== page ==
In 2019, Friel headlined the ITV miniseries Deep Water, which Metro described as a "dark soap opera", adding, "The performances, with a very human and relatable nasty streak running through each one, [elevate it] to a must-binge drama … Friel excels when it comes to playing harassed women, usually ones with a secret to keep, and the actress completely [disappears] into [her character's] big jumpers as she [fights] to get her marriage back".[57]

2020–present[edit]

Friel starred as Sharon Pici, a Kansas City detective, in the seven-part psychological thriller series The Box, which premiered on Viaplay in November 2021.[58][59] The following year, she co-starred as the daughter of Susan Sarandon's Dottie Roman in Monarch, a Fox drama series about the inner-workings of the country music world. Friel played Nicolette "Nicky" Roman, a singer-songwriter trying to carry on her family's legacy while forging her own path in the industry. In his review for The A.V. Club, Max Gao said:

Friel, not Sarandon, is the show's real leading lady—and a pretty great one at that … She belts out song after song, delivers memorable, fast-paced one-liners in a Texas accent ("I was going to say be careful about the rats, but there's no need because… you're going to fit right in"), and plays Nicky with such steadfast conviction that it's easy to wonder why she hasn't been more successful on this side of the pond since starring in ABC's Pushing Daisies … thankfully [this is] a role that is worthy of her talents.[60]

Friel performed all the songs her character sings—a mixture of covers and originals—herself.[61] It was announced in December 2022 that the series had been cancelled after one season.[62]

Friel's portrayal of Grace Gordon, a woman fighting for civil rights in 1960s America, in the historical drama Charming the Hearts of Men (2021) was met with critical acclaim.[63][64][65] In the British psychological thriller Locked In (2023), she played a Liverpudlian nurse helping one of her patients to unravel a murder mystery; critics were enthusiastic about Friel's performance, with The Guardian calling her "as excellent as ever".[66]

Other work[edit]

Friel has featured in television and print advertising campaigns for brands such as Reebok, Virgin Atlantic, Mulberry, Three, Pantene, and Marks & Spencer.[67][68][69][70][71][72]

In 2010, she starred as a chess player in the music video for the Manic Street Preachers' single "(It's Not War) Just the End of Love", alongside actor Michael Sheen.[73]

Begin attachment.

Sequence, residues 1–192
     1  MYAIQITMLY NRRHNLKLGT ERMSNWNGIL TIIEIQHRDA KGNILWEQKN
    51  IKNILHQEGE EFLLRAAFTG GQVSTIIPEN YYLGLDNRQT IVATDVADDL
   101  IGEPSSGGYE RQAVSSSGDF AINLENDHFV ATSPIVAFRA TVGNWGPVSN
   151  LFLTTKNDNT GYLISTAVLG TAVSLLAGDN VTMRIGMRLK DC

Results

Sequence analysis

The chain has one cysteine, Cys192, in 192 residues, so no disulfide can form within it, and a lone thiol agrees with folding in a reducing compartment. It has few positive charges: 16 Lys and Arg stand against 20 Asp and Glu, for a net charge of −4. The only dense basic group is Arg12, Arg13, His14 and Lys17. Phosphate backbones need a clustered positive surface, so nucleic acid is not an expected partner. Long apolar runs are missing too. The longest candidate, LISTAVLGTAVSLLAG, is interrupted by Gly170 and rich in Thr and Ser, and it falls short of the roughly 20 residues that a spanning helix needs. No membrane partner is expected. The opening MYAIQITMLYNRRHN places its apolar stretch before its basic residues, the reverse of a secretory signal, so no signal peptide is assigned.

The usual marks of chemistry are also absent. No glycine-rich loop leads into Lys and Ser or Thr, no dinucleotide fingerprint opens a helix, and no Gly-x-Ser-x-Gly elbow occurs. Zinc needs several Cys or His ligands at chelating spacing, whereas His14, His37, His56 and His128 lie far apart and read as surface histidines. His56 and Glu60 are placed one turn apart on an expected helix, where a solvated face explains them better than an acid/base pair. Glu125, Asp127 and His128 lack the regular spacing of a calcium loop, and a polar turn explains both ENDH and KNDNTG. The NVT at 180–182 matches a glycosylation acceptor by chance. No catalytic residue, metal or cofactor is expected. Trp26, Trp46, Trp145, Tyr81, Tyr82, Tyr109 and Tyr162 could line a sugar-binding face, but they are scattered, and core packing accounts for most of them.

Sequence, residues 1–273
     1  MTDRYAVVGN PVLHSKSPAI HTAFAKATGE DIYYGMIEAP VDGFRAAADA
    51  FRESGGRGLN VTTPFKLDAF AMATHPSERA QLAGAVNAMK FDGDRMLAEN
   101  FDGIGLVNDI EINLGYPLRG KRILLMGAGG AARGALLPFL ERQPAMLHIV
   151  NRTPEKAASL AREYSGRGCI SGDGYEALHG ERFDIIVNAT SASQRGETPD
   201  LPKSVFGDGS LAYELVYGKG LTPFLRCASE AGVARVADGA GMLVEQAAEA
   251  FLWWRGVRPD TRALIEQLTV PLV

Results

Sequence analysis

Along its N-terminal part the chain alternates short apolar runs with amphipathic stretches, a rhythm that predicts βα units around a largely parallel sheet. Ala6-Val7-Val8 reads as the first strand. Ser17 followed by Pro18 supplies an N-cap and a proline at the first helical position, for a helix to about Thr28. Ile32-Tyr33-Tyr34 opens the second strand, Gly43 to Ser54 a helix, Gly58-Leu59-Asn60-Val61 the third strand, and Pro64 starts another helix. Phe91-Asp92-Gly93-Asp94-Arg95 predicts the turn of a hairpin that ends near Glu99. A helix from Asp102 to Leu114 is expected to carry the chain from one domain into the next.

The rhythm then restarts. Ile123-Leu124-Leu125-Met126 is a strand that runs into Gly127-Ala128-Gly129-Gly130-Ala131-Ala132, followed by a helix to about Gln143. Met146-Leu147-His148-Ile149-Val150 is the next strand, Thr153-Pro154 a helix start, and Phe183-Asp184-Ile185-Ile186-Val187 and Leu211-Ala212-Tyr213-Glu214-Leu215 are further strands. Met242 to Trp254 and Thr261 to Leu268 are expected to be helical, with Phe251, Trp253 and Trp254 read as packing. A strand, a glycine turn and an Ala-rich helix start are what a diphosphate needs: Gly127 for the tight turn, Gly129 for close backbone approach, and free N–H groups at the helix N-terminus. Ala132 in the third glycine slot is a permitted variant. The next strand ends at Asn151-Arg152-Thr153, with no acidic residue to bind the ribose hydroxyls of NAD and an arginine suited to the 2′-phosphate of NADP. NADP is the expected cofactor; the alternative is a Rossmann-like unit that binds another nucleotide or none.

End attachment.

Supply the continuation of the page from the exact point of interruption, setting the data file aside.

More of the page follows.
Friel works as an ambassador for the WWF wildlife charity.[74][75]

Personal life[edit]

In 2001, Friel began a relationship with actor David Thewlis, after the pair met on a flight to Cannes.[76] Later that year, Friel collapsed and was rushed to a hospital, needing emergency surgery and two blood transfusions for a ruptured ovarian cyst.[77] It was discovered that she suffers from endometriosis and would have difficulty conceiving.[78] Despite this, she later became pregnant and gave birth to a daughter, Gracie Ellen Mary Friel, on 9 July 2005 at Portland Hospital, London.[79] Gracie was named after Gracie Fields, and her mother's grandmothers, Ellen and Mary. In December 2010, Friel and Thewlis separated after almost ten years together.[80]

Accolades[edit]

Year Association Category Work Result Ref
1995 National Television Awards Most Popular Actress Brookside Won [13]
TV Times Best Actress Won [81]
1999 Drama Desk Awards Drama Desk Award for Outstanding Featured Actress in a Play Closer Won [20]
2001 Genie Awards Genie Award for Best Actress The War Bride Nominated [82]
2007 Satellite Awards Satellite Award for Best Actress – Television Series Musical or Comedy Pushing Daisies Nominated [22]
2008 Saturn Awards Saturn Award for Best Actress on Television Nominated [83]
2008 Golden Globe Awards Golden Globe Award for Best Actress – Television Series Musical or Comedy Nominated [26]
Online Film & Television Association Best Actress in a Comedy Series Nominated [22]
2009 RTS North West Awards Best Performance in a Single Drama or Drama Series The Street Won [35]
Czech Lion Awards Czech Lion Award for Best Actress Bathory Nominated [22]
2010 Sun in a Net Awards Best Actress in a Leading Role Won [84]